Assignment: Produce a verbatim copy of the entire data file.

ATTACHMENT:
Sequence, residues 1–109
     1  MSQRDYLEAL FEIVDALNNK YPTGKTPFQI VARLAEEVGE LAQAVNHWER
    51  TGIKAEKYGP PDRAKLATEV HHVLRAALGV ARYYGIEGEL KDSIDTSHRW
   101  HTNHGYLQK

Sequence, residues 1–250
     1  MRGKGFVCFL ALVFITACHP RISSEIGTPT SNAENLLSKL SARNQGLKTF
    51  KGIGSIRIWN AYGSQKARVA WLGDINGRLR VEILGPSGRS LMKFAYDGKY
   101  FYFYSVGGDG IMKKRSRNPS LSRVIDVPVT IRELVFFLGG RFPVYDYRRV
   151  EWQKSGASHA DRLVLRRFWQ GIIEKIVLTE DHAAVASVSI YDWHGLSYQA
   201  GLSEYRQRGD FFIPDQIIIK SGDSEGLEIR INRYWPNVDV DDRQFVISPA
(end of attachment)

Sequence, residues 1–109
     1  MSQRDYLEAL FEIVDALNNK YPTGKTPFQI VARLAEEVGE LAQAVNHWER
    51  TGIKAEKYGP PDRAKLATEV HHVLRAALGV ARYYGIEGEL KDSIDTSHRW
   101  HTNHGYLQK

Sequence, residues 1–250
     1  MRGKGFVCFL ALVFITACHP RISSEIGTPT SNAENLLSKL SARNQGLKTF
    51  KGIGSIRIWN AYGSQKARVA WLGDINGRLR VEILGPSGRS LMKFAYDGKY
   101  FYFYSVGGDG IMKKRSRNPS LSRVIDVPVT IRELVFFLGG RFPVYDYRRV
   151  EWQKSGASHA DRLVLRRFWQ GIIEKIVLTE DHAAVASVSI YDWHGLSYQA
   201  GLSEYRQRGD FFIPDQIIIK SGDSEGLEIR INRYWPNVDV DDRQFVISPA